HIROSHIMA -- With just a few days left until the 72nd anniversary of the atomic bombing of Hiroshima on Aug. 6, 85-year-old Hiroshi Hara is keen to finish his latest painting of the city's iconic atomic bomb dome in time.
To date, Hara, who is an A-bomb survivor, or hibakusha, has completed more than 3,400 paintings of the dome, spanning a period of more than 30 years -- but this time he's struggling. Perched in front of a roughly 1.6-meter-high, approximately 1-meter-wide canvas inside his art studio at home, the blank unfinished parts of the painting stand out quite prominently. "I must finish this by Aug. 6," Hara says determinedly.
Over the years, the octogenarian has frequented the city's peace memorial park on an almost daily basis, mainly drawing pictures of the dome on square message cards. However, since about two years ago his physical condition has worsened, making it harder for him to paint pictures.
In February this year, he fell over in his bath at home, and was found on the following morning by his eldest daughter Kumiko Sunami, 52. His temperature dropped rapidly, and at one point, he was at real risk -- leading him to be fed through a gastrostomy tube in order to receive sufficient nourishment. He was hospitalized for two months, and then entered a nursing home in spring, where he has found it difficult to keep painting.
Nevertheless, as Hara explains, "Painting the dome is something that's on my mind," and in June, he applied his paintbrush to a draft painting consisting of penciled outlines. Once or twice a week, his daughter drives him from his nursing home to his home studio, where he typically spends about three to four hours in front of a canvas that is more than 30 times larger than one of the square cards. He says he wants to donate his next painting to the Hiroshima Peace Memorial Museum as soon as it's finished.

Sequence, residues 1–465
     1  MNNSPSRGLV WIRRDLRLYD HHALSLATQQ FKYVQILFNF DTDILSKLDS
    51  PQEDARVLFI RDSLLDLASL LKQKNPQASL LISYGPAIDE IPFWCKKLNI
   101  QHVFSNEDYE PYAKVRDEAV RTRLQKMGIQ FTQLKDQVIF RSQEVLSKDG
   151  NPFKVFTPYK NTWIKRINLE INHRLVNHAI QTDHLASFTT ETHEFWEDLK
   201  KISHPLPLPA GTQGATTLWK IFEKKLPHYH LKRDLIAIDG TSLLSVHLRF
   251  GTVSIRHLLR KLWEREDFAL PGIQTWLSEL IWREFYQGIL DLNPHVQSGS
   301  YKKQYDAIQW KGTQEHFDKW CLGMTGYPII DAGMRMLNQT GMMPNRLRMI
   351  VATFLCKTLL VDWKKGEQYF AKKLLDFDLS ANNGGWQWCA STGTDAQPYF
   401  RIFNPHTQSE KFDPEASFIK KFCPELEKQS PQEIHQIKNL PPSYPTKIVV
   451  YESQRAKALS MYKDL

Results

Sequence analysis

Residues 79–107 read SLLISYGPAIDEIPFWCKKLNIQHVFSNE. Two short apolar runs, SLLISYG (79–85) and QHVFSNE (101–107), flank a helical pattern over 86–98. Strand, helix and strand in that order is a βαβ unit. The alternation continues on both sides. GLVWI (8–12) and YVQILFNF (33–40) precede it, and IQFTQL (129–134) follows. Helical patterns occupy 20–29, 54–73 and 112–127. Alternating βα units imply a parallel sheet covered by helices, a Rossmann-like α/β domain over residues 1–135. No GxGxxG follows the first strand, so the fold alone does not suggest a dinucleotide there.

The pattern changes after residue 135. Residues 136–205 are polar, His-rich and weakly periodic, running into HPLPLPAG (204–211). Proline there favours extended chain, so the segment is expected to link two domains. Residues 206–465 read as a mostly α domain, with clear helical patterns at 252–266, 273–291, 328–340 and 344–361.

Commenting on her father's quest to keep on painting, Kumiko says, "At one point, I thought he would be confined to bed, but he seems to have a real sense of mission regarding these paintings. He wants to paint, and I want to satisfy my father's request."
For Hara, painting is essentially his way of reacting to his horrific experiences of the atomic bombing in 1945. On the day the United States dropped the bomb on Hiroshima, he was at his relatives' home outside the city, but the next day, he ventured into the city -- where numerous people begged him for water. Bodies were floating down the river, and soldiers were burning piles of corpses. A considerable number of mobilized youngsters, who were the same age as Hara, died as a result of the bomb. "I was lucky enough to survive as a hibakusha. As a result, it is my duty to portray the horror of the bomb by painting pictures of the dome. Therefore, I will keep on painting."
In this past July, a United Nations treaty banning nuclear weapons was adopted, but nuclear nations and countries that fall under the nuclear umbrella will not likely ratify this historic treaty. The fact that Japan didn't sign the pact seriously worries Hara. "When I think about nuclear weapons, the part of my body where the gastrostomy tube was inserted hurts," he reveals.
At the time when Hara first started painting, he was healthy, and was actively involved in campaigns to ban nuclear weapons. He told numerous children about his experiences, met with other A-bomb survivors in North Korea, and has even visited a plutonium factory in the U.S. However, nowadays, his body doesn't function as well as it used to, and he is finding it difficult to perfect his latest painting, having already repainted it three times.
Hara is frustrated both by the lack of progress in trying to achieve a completely nuclear-free world and the slow progress of his painting. "What should I do? It's not working," says Hara -- as he leans his small frame toward the canvas once again, determined to keep on with his mission.